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Journalist, Author, Columnist. My Twitter handle: @seemagoswami

Saturday, August 20, 2016

Dishing it out

What I hate about eating in fancy restaurants

There are many things to love about eating in big, fancy restaurants. There are the crisp white tablecloths, gleaming with the promise of a good meal. There is the smartly-uniformed wait staff, with nary a soiled shirtfront or stained trouser in sight. There is the soft whisper of muted conversation, the discreet tinkle of wine glasses, the occasional clunk of the silverware, all of it adding up to an atmosphere of temple-like calm – all the better for you to enjoy an outstanding meal served up by the presiding deity in the kitchen.

What’s not to love, right?


But even at the risk of sounding like a churlish grump, I have to confess that there are many, many things I absolutely loath about dining experiences like the one detailed above. 

First off, is the overbearing attention. From the time you enter to the moment you depart, there isn’t a single moment when you feel truly alone, enjoying a lovely meal or a special occasion with your loved ones. There is always someone infringing into your personal space or lurking within earshot to listen in to your conversation. And it is impossible to go 10 minutes without someone asking if your dish was okay, if you’re having a good time, if you’d like something else. The much-touted concept of the dining ‘bubble’, the sacrosanct space within which no server should intrude, is something that very few fancy restaurants seem to understand or respect.

So, if anyone who runs or works in such an establishment is reading this, here’s a handy list of the many things I hate about eating out in fancy restaurants. 

Waiters who rush up the moment you are seated, unfurl the napkin lying in front of you and place it, with a flourish, on your lap. There are so many things wrong with this scenario is that I don’t quite know where to begin. There’s the assumption that you can’t perform a simple task like unfurling your own napkin. There’s the intrusion into your personal space, when your server’s hand are perilously close to your bosom/stomach/groin area. And there’s the aspect of hygiene: why would I want that pristine cloth that is about to be placed on my lap to be touched by someone else? (The last one is probably just me and my OCD speaking.)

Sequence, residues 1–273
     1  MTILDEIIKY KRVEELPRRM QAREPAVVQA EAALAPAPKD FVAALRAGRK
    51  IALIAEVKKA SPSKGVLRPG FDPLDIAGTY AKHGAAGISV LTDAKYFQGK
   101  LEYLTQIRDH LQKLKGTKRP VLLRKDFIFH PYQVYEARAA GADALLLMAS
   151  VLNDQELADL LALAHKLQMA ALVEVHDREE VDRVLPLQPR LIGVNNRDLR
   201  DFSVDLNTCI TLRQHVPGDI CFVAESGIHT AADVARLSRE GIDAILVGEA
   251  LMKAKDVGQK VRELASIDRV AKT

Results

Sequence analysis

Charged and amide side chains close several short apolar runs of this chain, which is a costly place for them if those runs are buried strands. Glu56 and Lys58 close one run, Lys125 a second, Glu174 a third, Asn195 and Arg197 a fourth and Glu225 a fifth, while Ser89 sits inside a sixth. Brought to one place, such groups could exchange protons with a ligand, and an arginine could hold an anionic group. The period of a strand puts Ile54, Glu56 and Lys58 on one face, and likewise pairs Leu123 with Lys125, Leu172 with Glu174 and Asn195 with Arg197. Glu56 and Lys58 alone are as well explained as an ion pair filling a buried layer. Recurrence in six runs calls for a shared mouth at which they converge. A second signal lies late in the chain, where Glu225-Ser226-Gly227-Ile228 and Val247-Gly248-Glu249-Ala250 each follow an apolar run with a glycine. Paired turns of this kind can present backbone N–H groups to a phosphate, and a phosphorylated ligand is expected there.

The first question you are asked when you have been seated and ‘napkin-ed’ invariably is: “Still or sparkling?” Or, if the establishment is even more pretentious than most, the question comes coached in terms of “Evian or Perrier?” I have yet to visit an expensive restaurant that offers you tap water as an alternative. If you want tap water – which is perfectly safe in such establishments – you have to ask for it. And they are depending on the fact that you will be too embarrassed to ask (for fear of being seen as a cheapskate) to make a profit on every sip you take. Which is why I make it a point to do so.

Food served in shallow bowls or plates with a rim. As far as I am concerned, the only thing that should come in a bowl is soup, or at a pinch, a risotto. Anything that requires cutting with a knife and fork should come in a plate; because there is nothing quite as awkward as trying to cut a piece of meat or fish in a shallow bowl which wobbles precariously with each attempt. And no plates with a raised rim please. When I place my fork and knife on the plate between bites, I have a reasonable expectation that they will stay in place, not clatter off and fall on the floor. It’s embarrassing for me, and more work for the wait staff if they do. So, just stick to simple, old-style plates, and we’ll do just fine.
Upselling everything, from the aperitif to the wine to the overpriced lobster. This is especially galling when you see your host being press-ganged into ordering pink champagne as a pre-dinner drink, or an expensive bottle of red/white, even though he was looking for a bargain. And waiters/managers who push your guests towards the Beluga caviar when asked to recommend something deserve a special place in dining hell.

When I visit a restaurant what I want is a good meal without a side-order of freezing-to-death. But no matter what the season, you can be sure that the temperature in a fancy restaurant will be Arctic in nature. If you complain, three members of staff will come and offer you a shawl (“We have pashminas in every shade for our lady guests”). Surely it would be simpler to just turn up the temperature on the AC controls. But no, that seems a step too fair. It’s the pashmina or perishing in the cold. Take your pick.

Sometimes when I come out to lunch or dinner with a book, I really am looking forward to reading that book. But to the wait staff at a restaurant, I just look like a sad, lonely soul, who has been reduced to eating out alone. So, they gamely – and I am sure, with the best of intentions – try and sit in for my missing friends, making small talk as I eat my meal. And no matter how monosyllabic my replies or how discouraging my body language, they persist with their conversational gambits. But guys, I really am okay being on my own. And I really would like to read my book. In peace. With no interruptions. Though another glass of that pink champagne would be just great.

1 comment:

aneel said...

A wonderfully written piece.I couldnt agree with you more.And I run a Hotel/Restaurants in Goa where I keep telling my staff NEVER to do the odd things you have pointed out.Ever in Goa visit "Sur La Mer" in Ashwem